FLW Rayovac Preview – Lake Champlain

The second stop on the Northern Division begins next week, as the FLW Rayovac Series visits Lake Champlain in Plattsburg, NY. Originally the final tournament in the Northern Division, Champlain became the “middle child” after extreme weather conditions forced the postponement of the first tournament in the series on the James River in VA. Unlike the James or the Potomac, Lake Champlain is a vastly diverse non-tidal fishery, and anglers will have to make a multitude of decisions in order to be successful next week.

The sixth largest lake in the U.S., Lake Champlain stretches 120 miles north to south with almost 600 miles of shoreline and 435 square miles of surface area. With a maximum depth of 400 feet, Lake Champlain features more than 80 species of warm and cold-water fish including large and smallmouth bass, walleye, lake trout, brown trout, land-locked Atlantic salmon, perch, carp, steelhead and bowfin.

Anglers during the Rayovac Tournament, however, will have to choose between two trophy populations of fish: smallmouth bass in the deeper water or largemouth bass in the shallower bays.

Pepper’s Eyewear Pro Matt Stasiak is no stranger to the FLW Events on Lake Champlain, having finished 99th in 2011, 35th there in 2012, and 33trd in 2013.

Matt, like all anglers will face crucial decisions during the tournament, and he listed five things that all anglers will have to consider daily while performing this week:

Big fish location

“Champlain is very versatile, you can have hundred fish days up here throwing anything under the sun, but it’s trying to figure out where the big ones are and what they want that will win the tournament. Finding the key schools and locating them when they move during the week will be crucial.”


“Whether or not to make the run to Ticonderoga – its in the back of every fisherman’s head up here” says Stasiak. “It’s a 60 mile run to Ticonderoga to fish the grass, and some guys wont (decide) to make it, depending on the weather. If you can find a good school in Ticonderoga, it’s really just a matter of making it down there come tournament time. You can have 16-18 pounds in a half an hour.”


Stasiak learned the hard way just how fickle the smallmouth bite can become in the ever-changing conditions on Lake Champlain in 2011, finishing 99th. “What I’ve learned from the first time I fished Champlain is the smallmouth are inconsistent: you can pull up on a hump and catch 20 pounds one day and come back the next day and they are gone. So if you are going to target the smallmouth, you have to have a lot of spots ”. He turned that knowledge into 35th and 33rd place finishes in the two Rayovacs on Champlain since, but the Stasiak says the smallmouth will still be on his mind. “You can’t rule them out, you have to try. You can win this tournament on smallmouth, if it’s the right time and they are staying put; but three days of smallmouth is VERY tough on this lake.”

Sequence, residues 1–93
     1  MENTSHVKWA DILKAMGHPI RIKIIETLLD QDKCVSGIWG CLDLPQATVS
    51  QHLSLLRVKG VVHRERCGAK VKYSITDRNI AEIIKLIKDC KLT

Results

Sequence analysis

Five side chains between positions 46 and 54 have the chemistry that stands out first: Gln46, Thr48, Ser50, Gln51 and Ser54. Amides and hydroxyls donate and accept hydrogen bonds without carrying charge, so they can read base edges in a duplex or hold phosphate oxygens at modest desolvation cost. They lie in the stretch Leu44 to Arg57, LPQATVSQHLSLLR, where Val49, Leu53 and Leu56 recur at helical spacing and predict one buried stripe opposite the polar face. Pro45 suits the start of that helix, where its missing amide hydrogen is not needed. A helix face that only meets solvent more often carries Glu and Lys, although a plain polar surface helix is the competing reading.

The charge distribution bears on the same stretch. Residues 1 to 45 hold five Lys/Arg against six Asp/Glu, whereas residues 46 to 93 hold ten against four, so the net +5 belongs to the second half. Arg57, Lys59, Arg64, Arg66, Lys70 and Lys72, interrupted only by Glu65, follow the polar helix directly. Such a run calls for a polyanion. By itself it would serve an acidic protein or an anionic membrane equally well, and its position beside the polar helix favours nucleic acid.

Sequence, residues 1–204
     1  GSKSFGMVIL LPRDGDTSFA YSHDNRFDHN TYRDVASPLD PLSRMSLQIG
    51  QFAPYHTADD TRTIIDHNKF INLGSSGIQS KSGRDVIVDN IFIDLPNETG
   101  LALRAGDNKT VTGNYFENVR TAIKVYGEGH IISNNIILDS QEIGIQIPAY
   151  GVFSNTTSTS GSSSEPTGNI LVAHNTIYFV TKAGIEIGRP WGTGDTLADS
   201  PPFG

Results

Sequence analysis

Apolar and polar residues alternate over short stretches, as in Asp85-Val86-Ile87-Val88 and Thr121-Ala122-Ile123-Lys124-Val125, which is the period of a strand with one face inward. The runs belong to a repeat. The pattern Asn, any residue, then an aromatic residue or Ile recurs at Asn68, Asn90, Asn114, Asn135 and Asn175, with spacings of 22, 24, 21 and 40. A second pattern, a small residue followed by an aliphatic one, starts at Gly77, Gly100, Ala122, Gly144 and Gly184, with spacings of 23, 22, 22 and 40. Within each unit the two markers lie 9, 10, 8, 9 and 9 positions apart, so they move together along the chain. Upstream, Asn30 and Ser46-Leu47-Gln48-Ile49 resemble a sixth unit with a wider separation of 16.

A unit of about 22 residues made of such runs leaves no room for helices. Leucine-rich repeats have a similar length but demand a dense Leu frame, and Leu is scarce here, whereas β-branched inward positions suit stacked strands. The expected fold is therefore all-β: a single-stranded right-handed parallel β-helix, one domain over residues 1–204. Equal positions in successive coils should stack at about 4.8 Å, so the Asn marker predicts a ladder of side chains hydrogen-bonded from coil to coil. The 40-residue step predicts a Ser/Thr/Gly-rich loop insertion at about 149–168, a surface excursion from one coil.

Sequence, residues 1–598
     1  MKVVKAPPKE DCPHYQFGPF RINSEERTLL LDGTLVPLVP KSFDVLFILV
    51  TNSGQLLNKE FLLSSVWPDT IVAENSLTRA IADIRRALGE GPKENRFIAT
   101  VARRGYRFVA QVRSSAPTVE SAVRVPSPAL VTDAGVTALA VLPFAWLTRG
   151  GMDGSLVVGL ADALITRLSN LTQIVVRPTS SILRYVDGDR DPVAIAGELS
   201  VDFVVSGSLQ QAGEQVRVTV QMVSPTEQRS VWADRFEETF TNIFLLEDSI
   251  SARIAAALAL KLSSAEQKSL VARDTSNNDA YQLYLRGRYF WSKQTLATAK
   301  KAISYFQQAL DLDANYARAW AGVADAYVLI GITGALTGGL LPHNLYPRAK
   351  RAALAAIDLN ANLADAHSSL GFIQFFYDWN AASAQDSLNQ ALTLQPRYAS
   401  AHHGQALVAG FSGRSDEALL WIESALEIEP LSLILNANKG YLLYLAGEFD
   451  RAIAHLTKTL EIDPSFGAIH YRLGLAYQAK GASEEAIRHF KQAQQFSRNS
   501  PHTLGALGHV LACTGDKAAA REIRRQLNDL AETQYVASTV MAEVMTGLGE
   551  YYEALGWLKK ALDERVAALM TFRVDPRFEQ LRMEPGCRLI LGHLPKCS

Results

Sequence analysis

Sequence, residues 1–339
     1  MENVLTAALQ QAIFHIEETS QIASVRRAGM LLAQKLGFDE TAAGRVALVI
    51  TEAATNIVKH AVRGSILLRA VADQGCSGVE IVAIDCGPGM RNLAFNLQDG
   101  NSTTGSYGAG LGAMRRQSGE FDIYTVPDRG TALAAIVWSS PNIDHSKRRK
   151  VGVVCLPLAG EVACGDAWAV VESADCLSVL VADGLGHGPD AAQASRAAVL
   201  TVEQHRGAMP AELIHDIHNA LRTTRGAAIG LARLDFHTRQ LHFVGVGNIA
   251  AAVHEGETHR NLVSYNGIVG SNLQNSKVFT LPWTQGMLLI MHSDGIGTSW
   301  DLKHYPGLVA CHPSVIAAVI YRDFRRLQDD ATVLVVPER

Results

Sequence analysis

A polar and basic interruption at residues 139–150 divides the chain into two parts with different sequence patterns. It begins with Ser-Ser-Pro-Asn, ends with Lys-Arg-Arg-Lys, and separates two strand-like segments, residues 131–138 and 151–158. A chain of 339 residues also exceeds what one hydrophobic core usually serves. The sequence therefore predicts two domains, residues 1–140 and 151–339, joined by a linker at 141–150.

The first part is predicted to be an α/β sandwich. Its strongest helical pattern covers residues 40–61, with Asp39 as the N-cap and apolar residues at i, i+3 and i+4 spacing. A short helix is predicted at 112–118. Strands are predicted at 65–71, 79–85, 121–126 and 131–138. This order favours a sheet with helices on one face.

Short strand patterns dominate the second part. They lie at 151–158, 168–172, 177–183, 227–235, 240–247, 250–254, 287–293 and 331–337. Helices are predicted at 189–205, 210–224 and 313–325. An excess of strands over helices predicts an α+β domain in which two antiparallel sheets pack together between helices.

Wind and Weather

“Lake Champlain has a ton of current” says Stasiak, “if the wind pushes out of the south against the current, it will make it very rough and will affect the run down to Ticonderoga, as well as scatter smallmouth schools across the lake”.


Having sponsors like Pepper’s Eyewear and Gamma Fluorocarbon will have extra value to Stasiak on Champlain, as it is a deep, clear Northern Lake. “Champlain is a super clear lake, you have to have the right eyewear and polarization, as some of these fish may still be on beds in ten feet of water and you will have to be able to see them.”

As far as his line, Stasiak has great confidence in his Gamma fluorocarbon – “You’ll need strength, feel, and the ability to hide your line from the fish. You will also need to be able to feel (your bait on) rocks, gravel grass – and to know if it’s gravel or grass, or if it’s a bite.”

Lake Champlain will be full of unknowns for the Rayovac anglers on July 17th-19th that won’t be solved until the tournament begins. Be sure to watch the weigh-ins on www.flwoutdoors.com. To learn more about Matt Stasiak, follow his season on Facebook (https://www.facebook.com/pages/Matt-Stasiak/274653562613355) and his website: www.mattstasiak.com.

By Chris Murphy